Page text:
Among the hottest topics in social TV (sTV) are so-called “check-in” services; applications like Miso and GetGlue that allow viewers to use their mobile device to tell friends which TV shows they are watching. For those that have used Foursquare, sTV check-in apps work much the same, but instead of sharing one’s location with friends they share the TV show one is viewing.
From the perspective of the Facebook generation, it is just another way to “show” others what you are up to (another version of what sociologists have long referred to as “staging,” which is at the heart of social networking’s larger appeal). From my perspective, sTV check-in apps are virtually worthless; “metrics” created by crafty entrepreneurs looking to tap into the social media craze and sell off before the rest of the TV world figures out just how useless it is. As well, this very simple function can be provided within the structure of existing social networks and even net-connected TVs without the need for a separate app.
Unfortunately, many TV professionals and the industry press have bought into the hype surrounding sTV check-in. For some, winning weekly check-in ratings is almost as valuable as winning time slot viewership. However, when these viewership metrics do not mesh with sTV check-in numbers, what does that say about the latter’s validity?
Though Nielsen-like TV viewership metrics are far from perfect, they are the industry-recognized standard by which programs are objectively valued and monetized. Social TV check-ins, on the other hand, have no such objective value (except in the mind of their purveyors). To some, sTV check-in metrics are interesting, but there is no way around the fact they represent but a minute number of viewers and even then it is uncertain what this “metric” tells us about these consumers.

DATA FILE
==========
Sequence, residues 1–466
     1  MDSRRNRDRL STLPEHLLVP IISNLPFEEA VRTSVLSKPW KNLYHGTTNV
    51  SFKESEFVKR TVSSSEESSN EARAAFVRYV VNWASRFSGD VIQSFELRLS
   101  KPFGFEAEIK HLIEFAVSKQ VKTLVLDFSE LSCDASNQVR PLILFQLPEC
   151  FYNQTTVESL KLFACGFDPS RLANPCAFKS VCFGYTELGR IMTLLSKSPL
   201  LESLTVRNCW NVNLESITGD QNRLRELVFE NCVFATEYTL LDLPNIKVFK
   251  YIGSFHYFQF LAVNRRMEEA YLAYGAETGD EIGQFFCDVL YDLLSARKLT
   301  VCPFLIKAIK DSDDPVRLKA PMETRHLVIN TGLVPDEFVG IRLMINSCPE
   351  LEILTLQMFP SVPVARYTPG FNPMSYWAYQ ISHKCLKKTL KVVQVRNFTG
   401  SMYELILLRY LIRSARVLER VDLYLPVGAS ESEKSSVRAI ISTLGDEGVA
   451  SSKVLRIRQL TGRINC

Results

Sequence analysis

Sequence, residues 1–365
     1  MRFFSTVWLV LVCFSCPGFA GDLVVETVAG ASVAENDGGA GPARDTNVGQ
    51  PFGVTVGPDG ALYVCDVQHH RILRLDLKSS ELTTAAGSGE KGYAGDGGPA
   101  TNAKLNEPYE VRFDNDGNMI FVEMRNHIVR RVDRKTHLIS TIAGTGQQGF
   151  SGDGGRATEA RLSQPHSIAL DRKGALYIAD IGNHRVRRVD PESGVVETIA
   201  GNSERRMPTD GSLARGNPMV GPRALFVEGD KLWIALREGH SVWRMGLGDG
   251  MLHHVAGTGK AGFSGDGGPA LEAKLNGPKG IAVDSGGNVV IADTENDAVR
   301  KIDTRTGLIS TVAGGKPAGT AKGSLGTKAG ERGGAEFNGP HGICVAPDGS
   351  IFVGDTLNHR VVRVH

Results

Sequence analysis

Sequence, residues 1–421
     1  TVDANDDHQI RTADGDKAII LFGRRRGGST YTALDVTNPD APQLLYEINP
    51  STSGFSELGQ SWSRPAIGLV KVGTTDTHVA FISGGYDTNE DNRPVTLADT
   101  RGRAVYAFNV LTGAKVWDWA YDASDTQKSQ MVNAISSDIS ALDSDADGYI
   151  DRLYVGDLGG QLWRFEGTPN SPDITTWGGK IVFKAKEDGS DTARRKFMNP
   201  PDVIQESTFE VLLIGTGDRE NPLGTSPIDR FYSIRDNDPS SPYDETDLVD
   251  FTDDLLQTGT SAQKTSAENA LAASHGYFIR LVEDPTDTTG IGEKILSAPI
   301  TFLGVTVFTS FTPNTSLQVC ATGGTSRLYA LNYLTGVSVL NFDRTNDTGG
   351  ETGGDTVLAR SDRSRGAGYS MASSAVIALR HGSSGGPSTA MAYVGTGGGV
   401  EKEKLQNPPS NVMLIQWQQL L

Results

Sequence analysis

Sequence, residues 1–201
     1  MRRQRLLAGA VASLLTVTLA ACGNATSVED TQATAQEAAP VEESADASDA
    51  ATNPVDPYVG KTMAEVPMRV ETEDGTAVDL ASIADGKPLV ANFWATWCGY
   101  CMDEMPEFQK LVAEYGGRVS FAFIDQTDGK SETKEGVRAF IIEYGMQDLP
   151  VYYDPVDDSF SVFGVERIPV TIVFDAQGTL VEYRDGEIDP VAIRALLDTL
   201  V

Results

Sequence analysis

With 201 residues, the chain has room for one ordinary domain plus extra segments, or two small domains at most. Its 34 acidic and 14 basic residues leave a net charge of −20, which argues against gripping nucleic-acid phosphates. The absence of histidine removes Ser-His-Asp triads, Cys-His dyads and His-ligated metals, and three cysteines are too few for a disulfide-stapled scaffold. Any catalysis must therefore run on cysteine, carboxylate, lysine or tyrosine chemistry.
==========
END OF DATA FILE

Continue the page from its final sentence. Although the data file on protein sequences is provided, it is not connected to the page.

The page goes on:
Take, for example, last Thursday’s (September 6) MTV’s 2012 Video Music Awards. 2012 viewership was down dramatically from 2011 (from 6.2 in 2011 to 2.8 in 2012 among 18-49s), attracting 6.134 million viewers for the prime-time 8:00 PM show (live+ SD). Yes, it had to compete with night three of the DNC gathering, but given that the VMAs is one of MTV’s largest annual events, a drop of this magnitude was unexpected.
Not surprisingly, the VMAs also topped GetGlue’s social check-in list, but attracted only 49,331 check-ins (a viewership to sTV check-in ratio of 124:1). In other words, less than .8% of VMA viewers checked in with GetGlue. True, GetGlue is not the only social check-in service, but it is one of the largest. Even if we tripled the .8% check-in rate of GetGlue to 2.4% to make up for other sTV check-in services (which is very aggressive), the message is still clear: sTV check-in services have very limited appeal, even among a demographic (the MTV generation) that is in theory disproportionately well disposed toward damn near anything related to social networking.
The message? When it comes to social TV applications, the hype is both deafening and dangerous, as it can prop up apps with little or no value while drowning out apps that may actually resonate with consumers and stand a chance of success.